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My breakfast today. Some kind of spicy meat dish, white rice (as per usual), eggs, my host family’s version of bacon, and some other side dishes that included pickled vegetables of some kind.

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The entrance I have started using ever since I changed my route to be half subway and half bus.

Madeline shirt day was also planned for this Wednesday. To elaborate, I noticed that my RD Madeline wore this black shirt with a deep plunging collar that reminded me of a sailor on one of the first days of our program in Korea. Ever since then, whenever I see a shirt that even vaguely resembles it, I have called it a Madeline shirt. This type of shirt is actually very popular in Korea and you can find them basically anywhere (in lots of different colors too!) I let everyone in our program know about the plans in our Kakao group chat. (Unfortunately, some of the girls on my program wore their shirts earlier in the week so they missed out on our group picture.)

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Me, Ava, Sofia, Abby, and Madeline in our Madeline shirts~

Anyway, after our finals, Sofia and I have been wanting to go to the Korean War Memorial ever since we saw photos of it on Instagram. I never learned much about the Korean War in school, it is called the Forgotten War for a reason, and so I thought visiting the museum would be such a great experience. We also wanted to do some other activities too since our time in Korea was coming to an end shortly. Casey, Sofia, Abby, and I also planned to go to the Studio Ghibli Store as well as do some Karaoke later in the night. But first, we headed to the Korean War Memorial. I got some directions online but they were very hard to follow (as they were in Korean… I was trying to practice my skills!) but eventually, we found the memorial after passing so many Korean police officers. (I have never seen so many in Korea… well, besides the time they were everywhere near Gyeongbokgung that one weekend.)

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Korean War (1950-1953)

The War Memorial of Korea is a really big museum with photos, maps, and artifacts from the Korean War. The outside of the memorial has lots of very deep sculptures as well as military tanks, missiles, planes, and so on. We didn’t have that much time to walk around and so we decided to just go on inside just covering the basics of the outside area.

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We went on inside and explored some parts of the museum. (like I mentioned before it is pretty big and we didn’t have time to see everything. I would love to come back and spend a couple more hours there, to be honest.)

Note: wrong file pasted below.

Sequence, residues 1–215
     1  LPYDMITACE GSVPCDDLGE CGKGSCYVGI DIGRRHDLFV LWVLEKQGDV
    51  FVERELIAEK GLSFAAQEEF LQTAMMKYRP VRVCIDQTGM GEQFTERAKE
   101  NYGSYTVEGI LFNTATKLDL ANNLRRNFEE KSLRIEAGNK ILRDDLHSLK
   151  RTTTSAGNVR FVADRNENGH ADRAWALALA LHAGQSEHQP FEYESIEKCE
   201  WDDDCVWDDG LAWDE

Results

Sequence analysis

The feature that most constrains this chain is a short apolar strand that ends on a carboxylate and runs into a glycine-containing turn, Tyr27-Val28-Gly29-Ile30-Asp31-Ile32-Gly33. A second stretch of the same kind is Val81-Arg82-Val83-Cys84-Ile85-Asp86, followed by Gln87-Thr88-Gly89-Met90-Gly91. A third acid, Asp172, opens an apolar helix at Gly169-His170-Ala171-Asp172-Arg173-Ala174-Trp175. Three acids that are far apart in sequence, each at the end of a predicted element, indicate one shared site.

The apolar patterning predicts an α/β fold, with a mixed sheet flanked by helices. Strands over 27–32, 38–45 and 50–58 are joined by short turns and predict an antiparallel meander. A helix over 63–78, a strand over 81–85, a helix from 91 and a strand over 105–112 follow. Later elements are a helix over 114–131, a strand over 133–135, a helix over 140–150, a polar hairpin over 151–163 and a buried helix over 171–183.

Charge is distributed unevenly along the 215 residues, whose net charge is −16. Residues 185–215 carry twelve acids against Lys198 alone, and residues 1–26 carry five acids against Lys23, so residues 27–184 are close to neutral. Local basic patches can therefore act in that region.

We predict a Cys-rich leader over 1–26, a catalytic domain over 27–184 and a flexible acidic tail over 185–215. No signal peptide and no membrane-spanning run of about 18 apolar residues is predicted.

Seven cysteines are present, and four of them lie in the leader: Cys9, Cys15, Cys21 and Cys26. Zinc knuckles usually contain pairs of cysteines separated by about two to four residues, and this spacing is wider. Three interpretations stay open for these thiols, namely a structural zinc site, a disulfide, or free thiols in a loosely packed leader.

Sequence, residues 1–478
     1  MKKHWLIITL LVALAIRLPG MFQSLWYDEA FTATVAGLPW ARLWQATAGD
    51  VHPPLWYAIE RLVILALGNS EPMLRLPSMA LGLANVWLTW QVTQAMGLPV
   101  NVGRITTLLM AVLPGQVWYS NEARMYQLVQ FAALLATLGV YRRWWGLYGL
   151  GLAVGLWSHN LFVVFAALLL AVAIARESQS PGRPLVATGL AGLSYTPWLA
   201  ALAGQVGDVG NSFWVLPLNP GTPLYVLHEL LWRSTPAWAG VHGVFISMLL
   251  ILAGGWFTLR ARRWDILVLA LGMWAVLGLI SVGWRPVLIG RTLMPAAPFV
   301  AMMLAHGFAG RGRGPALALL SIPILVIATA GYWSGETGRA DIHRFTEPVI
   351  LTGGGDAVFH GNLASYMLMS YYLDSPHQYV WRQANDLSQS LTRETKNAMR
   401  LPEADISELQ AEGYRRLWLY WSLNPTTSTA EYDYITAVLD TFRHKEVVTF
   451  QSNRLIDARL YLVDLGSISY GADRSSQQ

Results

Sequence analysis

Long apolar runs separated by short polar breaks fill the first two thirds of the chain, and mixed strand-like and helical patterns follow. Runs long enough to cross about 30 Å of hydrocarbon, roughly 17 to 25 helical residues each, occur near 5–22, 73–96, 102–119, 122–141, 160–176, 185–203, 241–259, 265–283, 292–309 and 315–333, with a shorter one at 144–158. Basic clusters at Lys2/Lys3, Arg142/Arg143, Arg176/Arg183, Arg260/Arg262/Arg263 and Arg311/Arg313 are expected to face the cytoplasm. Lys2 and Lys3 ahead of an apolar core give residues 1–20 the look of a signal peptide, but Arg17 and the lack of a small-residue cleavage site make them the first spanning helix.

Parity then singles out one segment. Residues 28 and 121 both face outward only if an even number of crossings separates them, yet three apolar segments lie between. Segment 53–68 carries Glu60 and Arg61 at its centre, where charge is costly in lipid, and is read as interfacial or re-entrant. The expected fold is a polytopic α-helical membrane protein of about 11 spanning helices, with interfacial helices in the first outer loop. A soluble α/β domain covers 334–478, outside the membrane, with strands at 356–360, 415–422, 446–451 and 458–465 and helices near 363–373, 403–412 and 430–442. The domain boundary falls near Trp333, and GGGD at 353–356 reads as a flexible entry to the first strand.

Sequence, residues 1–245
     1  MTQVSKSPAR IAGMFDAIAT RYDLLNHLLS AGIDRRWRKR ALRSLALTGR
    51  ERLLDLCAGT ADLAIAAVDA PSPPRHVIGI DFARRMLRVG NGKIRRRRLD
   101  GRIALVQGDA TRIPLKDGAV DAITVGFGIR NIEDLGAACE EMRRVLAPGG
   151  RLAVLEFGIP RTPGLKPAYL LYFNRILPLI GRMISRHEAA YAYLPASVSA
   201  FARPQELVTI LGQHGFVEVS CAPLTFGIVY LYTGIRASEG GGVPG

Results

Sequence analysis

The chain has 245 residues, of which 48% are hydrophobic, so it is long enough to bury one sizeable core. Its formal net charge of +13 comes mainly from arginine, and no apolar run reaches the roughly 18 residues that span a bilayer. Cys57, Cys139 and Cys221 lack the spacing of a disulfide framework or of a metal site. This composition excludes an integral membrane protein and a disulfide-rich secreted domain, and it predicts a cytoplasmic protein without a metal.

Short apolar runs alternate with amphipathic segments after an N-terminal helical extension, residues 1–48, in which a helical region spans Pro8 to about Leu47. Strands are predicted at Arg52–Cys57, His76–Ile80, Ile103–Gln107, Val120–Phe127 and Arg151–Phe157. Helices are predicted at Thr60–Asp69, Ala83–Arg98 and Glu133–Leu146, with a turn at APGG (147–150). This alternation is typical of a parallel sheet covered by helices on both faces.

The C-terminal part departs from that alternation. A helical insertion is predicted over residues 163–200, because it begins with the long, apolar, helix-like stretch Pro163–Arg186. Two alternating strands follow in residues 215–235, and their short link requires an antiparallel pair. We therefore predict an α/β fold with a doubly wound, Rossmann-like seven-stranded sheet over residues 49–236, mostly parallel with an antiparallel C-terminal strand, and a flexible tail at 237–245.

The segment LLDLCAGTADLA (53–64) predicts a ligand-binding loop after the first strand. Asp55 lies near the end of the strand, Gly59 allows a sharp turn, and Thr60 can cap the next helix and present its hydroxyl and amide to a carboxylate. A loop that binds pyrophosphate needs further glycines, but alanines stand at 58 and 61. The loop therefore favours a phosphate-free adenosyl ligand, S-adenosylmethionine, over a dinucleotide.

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I have so many photos from the museum. (I basically took a photo of everything I saw.) I will end my spam of photos here and maybe I will upload a separate post with more later. I have a lot more things to write about for the rest of this day and If I put all my Korean War photos here, this post would take 10 minutes to read.

After the Korean War Museum, Sofia and I met up with Casey and Abby at Hongdae Station in order to go find the Studio Ghibli Store. Studio Ghibli is this Japanese animation studio that is internationally distributed by Disney. I love all of their films. They have made really famous animated movies such as Spirited Away (2001 ), My Neighbor Totoro (1988), and Ponyo (2008). So when I found out there was a store located in Hongdae that sold merchandise (I can not find any back where I live.), I had to go! And… It was magical!~

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All of my favorite animations are by Studio Ghibli and they include Spirited Away (2001), Whisper of the Heart (1995), Howl’s Moving Castle (2004), and When Marnie Was There (2014). The store was quite expensive and because it was the end of the trip, I was very mindful of my spending. I ended up buying 6 folders for about two dollars each of some of my favorite Studio Ghibli movies. They also had a life size Totoro and a Cat Bus you could take a photo in. My childhood dream had finally come true!

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AHHHHHH The Cat Bus! EEEEEKKK~

After the Studio Ghibli Store, we headed to sing some songs at a 노래방! (Karaoke Room). This one was really good as they had free refreshments and some snacks and it wasn’t even pricey. They had tambourines for us to play and even lights that flashed around the room. ( I mean all rooms do but I can never figure out how to turn them on but this room had the lights automatically turned on.) Karaoke in Korea just gets better and better because every time I go, I learn what songs are the best Karaoke songs and I gain more confidence to shout loudly. I literally mean shout, I can’t sing. haha

We sang soooo many songs. We sang Taeyang’s 눈 코 입, Let it Go from Frozen, Cnblue’s 외톨이야, Coldplay’s Viva La Vida, BTS’ I Need You, and (of course) SHINee songs like Hello and Sherlock. We had such a good playlist and even earned scores of 100 like five times! (In Korean Karaoke rooms, each song performed is ranked. I personally think the key to a really high score is simply singing (or screaming) really loud.)

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Our playlist at the end of the hour. We did pretty well. Karaoke rooms have such good song choices that include more than just Korean songs. But if you want to sing a Korean song, you must be able to read Hangul because there is no romanization.

That was my Wednesday! It was honestly action packed and I did so many things I have been wanting to do. It was a lot of fun too~ I am gonna miss being able to sing at the top of my lungs in 노래방s whenever I please… Thanks for reading~ Don’t forget to subscribe! 안녕 친구들~

  • Emma (엠마)